Key has suffered reverses during his two years in office - -and digs at his background.
“It is all very well being an international money shuffler, but I thought they were part of the problem, not the solution,” Labour Party opposition leader Phil Goff says.
Key’s attempts to raise living standards closer to Australia’s are having the opposite effect, he says, noting that Australia’s economy has been growing faster than New Zealand’s and its jobless rate -- 5.3 percent in July -- is lower.
“You have to deliver, not just be a smiling face,” Goff says.
Key backed down in July on a plan to open conservation areas to mining after protesters said the move would jeopardize tourists’ and food shoppers’ image of a green New Zealand.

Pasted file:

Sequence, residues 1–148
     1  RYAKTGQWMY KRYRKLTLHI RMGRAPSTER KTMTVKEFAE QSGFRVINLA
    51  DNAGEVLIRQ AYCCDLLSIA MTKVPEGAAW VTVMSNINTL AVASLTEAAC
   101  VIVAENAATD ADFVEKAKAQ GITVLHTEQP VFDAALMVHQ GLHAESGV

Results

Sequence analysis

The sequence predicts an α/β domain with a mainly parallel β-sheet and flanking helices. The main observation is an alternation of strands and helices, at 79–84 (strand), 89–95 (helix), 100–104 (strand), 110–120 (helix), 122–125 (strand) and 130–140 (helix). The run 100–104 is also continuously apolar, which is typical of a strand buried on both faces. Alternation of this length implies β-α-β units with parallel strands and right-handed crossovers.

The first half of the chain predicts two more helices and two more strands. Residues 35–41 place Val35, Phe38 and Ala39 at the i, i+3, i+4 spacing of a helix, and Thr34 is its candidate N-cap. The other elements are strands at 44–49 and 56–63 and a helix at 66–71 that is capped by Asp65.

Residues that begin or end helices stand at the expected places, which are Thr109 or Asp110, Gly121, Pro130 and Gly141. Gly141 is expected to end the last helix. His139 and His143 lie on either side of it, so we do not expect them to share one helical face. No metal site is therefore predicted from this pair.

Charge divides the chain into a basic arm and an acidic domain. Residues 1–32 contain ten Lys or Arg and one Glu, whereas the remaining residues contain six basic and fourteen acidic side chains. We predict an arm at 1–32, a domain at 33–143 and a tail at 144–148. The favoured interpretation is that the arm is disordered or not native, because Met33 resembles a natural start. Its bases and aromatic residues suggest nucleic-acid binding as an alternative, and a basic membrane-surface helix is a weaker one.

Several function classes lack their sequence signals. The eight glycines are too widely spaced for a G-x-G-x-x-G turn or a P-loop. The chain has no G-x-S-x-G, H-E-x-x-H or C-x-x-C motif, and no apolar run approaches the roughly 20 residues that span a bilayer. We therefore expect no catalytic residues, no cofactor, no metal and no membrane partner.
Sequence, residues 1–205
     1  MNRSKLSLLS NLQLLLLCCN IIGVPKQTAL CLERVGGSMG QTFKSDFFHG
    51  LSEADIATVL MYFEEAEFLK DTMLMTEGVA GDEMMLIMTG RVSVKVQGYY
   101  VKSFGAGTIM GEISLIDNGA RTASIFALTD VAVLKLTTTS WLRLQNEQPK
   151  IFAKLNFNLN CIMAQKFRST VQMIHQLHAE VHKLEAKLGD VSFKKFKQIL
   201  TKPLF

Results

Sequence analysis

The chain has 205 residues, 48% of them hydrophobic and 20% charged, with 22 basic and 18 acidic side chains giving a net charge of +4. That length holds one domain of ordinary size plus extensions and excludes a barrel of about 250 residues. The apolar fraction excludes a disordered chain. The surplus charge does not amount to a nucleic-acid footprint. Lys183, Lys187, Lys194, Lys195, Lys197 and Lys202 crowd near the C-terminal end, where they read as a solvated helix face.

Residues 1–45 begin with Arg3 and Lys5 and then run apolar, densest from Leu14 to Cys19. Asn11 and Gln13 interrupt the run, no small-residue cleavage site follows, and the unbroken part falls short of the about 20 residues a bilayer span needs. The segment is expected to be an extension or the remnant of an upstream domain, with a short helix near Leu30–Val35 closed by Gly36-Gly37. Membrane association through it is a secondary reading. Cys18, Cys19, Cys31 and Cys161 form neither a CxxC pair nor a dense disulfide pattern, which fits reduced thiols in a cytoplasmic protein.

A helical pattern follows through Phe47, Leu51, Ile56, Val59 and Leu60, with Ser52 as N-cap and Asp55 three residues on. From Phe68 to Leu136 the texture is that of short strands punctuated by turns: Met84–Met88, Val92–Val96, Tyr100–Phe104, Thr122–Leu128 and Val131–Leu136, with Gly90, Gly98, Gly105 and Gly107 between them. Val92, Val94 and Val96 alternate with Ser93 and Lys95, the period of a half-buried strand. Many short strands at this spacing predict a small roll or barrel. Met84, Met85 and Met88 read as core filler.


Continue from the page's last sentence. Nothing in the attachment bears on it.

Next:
‘Gold and Sparkling Things’
“He did not understand the depth of feeling people have for their land,” says Helen Kelly, president of the New Zealand Council of Trade Unions. “He thought they would be attracted by the gold and sparkling things that mining would bring, but this isn’t really “The Lord of the Rings.’”
So far, most voters aren’t holding mistakes against Key. If an election had been held in early August, his National Party would have been re-elected with 54.5 percent of the vote, a poll conducted for television station TV3 found.
The poll that really counts will come when Key’s three-year term ends in November 2011 and he seeks re-election. If the world keeps buying New Zealand farm products and if former colleagues on forex desks don’t make the country’s currency too volatile, Key should be smiling for another three years.